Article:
Congress

Drug sentencing for Sen. Thad Cochran aide postponed again

Sen. Thad Cochran, R-Miss., right, and his wife, Kay Bowen Webber, center, arrive at the E. Barrett Prettyman Federal Courthouse in Washington for the sentencing hearing for his longtime aide Fred W. Pagan on Friday, Jan. 15, 2016. Pagan pleaded guilty in August to conspiring to distribute methamphetamine.
Sen. Thad Cochran, R-Miss., right, and his wife, Kay Bowen Webber, center, arrive at the E. Barrett Prettyman Federal Courthouse in Washington for the sentencing hearing for his longtime aide Fred W. Pagan on Friday, Jan. 15, 2016. Pagan pleaded guilty in August to conspiring to distribute methamphetamine. AP

The sentencing of former Biloxi, Mississippi, resident Fred Pagan, a longtime aide to Republican Sen. Thad Cochran, was postponed Friday by a federal judge so investigators can interview Pagan further about his knowledge of a cross-country drug ring.

Pagan, 49, pleaded guilty in August to conspiracy to distribute methamphetamines after investigators found more than 122 grams of the drug under his bed during an early-morning search of his Washington home last April.

Prosecutors say Pagan received eight other shipments of the drug – mostly 1-ounce packages – from a California supplier between February and April of last year.

Pagan first came onto law enforcement radar after immigration officials in Cincinnati intercepted a package from China last April.

The shipment, addressed to Pagan’s D.C. address, contained gamma-butyrolactone, known as GBL, which is used to build muscle, enhance sleep, and improve sexual and athletic performance. The drug also breaks down into the so-called “date rape” drug, Gamma-hydroxybutyrate, or GHB.

Authorities posing as deliverymen took the package to Pagan’s house and executed a search warrant that uncovered the methamphetamines.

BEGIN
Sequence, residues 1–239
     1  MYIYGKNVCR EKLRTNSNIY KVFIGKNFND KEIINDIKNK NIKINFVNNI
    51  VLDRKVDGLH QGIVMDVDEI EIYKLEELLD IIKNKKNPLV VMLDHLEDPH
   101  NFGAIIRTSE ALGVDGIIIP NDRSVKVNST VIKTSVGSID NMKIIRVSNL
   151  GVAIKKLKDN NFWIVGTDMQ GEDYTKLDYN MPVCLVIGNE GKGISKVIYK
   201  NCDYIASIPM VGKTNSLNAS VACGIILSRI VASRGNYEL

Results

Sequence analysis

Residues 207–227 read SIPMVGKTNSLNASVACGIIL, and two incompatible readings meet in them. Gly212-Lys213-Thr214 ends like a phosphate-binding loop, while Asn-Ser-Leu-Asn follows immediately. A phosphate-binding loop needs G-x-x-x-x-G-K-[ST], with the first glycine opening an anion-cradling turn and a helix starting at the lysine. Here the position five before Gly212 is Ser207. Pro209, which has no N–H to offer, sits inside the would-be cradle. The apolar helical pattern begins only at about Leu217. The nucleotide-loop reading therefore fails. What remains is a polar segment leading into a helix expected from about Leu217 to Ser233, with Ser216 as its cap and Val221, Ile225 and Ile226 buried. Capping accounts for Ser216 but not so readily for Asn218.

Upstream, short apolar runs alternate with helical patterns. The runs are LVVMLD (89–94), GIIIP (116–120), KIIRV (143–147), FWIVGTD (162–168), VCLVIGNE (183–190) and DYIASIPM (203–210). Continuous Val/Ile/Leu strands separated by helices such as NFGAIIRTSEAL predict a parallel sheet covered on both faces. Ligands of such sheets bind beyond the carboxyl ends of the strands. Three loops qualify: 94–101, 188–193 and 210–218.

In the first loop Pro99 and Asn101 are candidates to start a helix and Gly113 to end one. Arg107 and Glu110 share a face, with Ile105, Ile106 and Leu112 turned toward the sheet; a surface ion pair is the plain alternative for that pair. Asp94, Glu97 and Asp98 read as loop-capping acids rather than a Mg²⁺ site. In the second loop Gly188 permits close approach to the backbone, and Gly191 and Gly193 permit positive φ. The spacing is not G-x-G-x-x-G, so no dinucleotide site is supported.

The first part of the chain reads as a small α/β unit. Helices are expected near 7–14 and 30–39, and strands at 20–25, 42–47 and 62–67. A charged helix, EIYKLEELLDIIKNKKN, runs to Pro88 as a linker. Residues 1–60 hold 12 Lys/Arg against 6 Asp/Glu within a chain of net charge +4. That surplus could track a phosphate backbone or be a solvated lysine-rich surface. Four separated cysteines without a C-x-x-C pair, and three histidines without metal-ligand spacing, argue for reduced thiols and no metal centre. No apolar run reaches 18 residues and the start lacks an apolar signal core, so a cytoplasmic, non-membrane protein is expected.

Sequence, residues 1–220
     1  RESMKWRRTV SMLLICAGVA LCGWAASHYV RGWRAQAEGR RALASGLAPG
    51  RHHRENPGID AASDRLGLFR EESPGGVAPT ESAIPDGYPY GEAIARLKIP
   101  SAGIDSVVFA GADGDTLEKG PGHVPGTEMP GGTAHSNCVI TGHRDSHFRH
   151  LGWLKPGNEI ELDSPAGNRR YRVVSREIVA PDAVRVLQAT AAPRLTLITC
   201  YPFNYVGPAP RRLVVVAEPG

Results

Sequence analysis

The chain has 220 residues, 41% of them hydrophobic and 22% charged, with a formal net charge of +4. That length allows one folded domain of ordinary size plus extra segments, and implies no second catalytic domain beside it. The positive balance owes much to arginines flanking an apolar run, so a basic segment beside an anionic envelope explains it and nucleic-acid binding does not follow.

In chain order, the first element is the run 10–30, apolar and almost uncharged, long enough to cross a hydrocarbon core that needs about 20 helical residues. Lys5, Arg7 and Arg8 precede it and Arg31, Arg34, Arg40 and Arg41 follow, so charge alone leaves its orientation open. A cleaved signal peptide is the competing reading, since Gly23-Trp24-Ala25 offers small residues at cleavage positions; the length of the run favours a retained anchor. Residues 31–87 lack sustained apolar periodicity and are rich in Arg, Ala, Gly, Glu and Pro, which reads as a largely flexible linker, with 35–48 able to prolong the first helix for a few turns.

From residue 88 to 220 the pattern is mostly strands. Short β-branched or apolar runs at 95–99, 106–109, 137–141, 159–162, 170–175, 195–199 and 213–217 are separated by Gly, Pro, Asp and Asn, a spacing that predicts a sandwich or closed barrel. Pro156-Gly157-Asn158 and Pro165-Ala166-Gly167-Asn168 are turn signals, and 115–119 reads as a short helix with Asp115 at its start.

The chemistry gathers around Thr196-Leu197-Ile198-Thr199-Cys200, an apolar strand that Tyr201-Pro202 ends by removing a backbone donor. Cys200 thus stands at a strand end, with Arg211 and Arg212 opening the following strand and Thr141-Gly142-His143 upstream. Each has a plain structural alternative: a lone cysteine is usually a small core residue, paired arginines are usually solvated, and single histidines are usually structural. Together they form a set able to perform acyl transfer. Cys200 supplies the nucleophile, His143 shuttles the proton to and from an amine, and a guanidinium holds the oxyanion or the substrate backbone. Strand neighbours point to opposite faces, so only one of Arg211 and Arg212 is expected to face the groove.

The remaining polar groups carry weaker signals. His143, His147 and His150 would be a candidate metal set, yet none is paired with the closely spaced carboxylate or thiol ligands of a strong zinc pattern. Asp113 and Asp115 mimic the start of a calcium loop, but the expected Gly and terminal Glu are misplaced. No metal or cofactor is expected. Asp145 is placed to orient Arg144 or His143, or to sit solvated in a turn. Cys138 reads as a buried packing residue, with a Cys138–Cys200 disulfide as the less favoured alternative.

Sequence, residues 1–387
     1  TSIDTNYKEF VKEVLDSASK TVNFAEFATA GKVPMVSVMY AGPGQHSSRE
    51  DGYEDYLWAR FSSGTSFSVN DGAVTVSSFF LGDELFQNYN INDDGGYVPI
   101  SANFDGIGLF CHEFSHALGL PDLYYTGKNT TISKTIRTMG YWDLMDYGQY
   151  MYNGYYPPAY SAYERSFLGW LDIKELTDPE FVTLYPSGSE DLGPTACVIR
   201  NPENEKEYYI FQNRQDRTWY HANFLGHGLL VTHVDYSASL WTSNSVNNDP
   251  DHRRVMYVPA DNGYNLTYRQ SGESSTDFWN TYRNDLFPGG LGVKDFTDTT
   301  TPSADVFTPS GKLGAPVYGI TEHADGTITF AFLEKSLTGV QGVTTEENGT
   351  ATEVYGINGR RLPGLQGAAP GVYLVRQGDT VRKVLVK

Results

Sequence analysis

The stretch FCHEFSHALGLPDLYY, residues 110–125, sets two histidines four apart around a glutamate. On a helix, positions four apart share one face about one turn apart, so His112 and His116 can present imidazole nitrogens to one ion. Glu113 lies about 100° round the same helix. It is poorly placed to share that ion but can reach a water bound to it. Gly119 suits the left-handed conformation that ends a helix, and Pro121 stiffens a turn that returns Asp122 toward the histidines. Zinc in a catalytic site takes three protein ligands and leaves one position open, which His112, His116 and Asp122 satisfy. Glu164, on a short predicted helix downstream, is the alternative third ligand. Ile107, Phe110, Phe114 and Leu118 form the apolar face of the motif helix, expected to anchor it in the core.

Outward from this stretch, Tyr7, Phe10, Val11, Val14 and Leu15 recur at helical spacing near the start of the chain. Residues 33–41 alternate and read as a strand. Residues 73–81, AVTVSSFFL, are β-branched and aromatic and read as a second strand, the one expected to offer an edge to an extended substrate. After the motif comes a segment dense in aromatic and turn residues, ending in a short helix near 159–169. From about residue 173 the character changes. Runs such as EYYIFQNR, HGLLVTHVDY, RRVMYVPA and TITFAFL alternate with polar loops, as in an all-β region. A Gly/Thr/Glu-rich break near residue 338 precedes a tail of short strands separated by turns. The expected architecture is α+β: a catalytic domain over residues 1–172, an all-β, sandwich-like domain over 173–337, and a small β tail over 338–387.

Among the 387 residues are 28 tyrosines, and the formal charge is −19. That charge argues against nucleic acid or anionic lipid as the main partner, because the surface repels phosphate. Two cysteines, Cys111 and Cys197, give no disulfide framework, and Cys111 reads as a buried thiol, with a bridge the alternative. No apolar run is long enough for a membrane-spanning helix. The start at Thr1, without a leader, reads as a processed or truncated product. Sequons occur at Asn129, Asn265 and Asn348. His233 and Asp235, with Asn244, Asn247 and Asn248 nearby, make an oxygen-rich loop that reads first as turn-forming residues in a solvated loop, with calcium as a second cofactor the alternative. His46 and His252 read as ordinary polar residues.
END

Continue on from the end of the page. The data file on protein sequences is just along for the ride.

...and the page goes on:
Pagan admitted to authorities that he used both drugs, sometimes selling small quantities to friends or providing them in exchange for sexual favors.

Pagan admitted to authorities that he used both drugs, sometimes selling small quantities to friends or providing them in exchange for sexual favors.

In court Thursday, Pagan’s attorney, Kobie Flowers, said Pagan was an addict and “mere user” who should have been charged with possession of methamphetamines rather than trafficking. He said Pagan had endured “tremendous trauma and distress” trying to hide his homosexuality and drug use for years.

Flowers said authorities had used “a heavy-handed tactic” in telling Pagan during his arrest that they didn’t break the door down because they knew who he was and whom he worked for.

But U.S. District Judge Beryl Howell told Flowers on Friday that the arresting officers had done nothing wrong. “The agents did their job in an effective, civil manner,” Howell said.

In a plea deal, federal prosecutors are seeking 46 to 57 months in prison for Pagan, while Flowers wants a reduced sentence: either probation or 30 to 37 months in prison. Pagan has no prior convictions.

Cochran attended Friday’s hearing and was expected to provide a statement as a character witness asking for leniency in sentencing.

But Howell postponed the remainder of the hearing so investigators may interview Pagan more about his knowledge of the methamphetamine supply chain. No date was set. Howell had canceled Pagan’s previous sentencing hearing, scheduled for Jan. 8, for personal reasons.

After Friday’s hearing, Cochran was escorted into a waiting taxi with family members. He did not speak with reporters.

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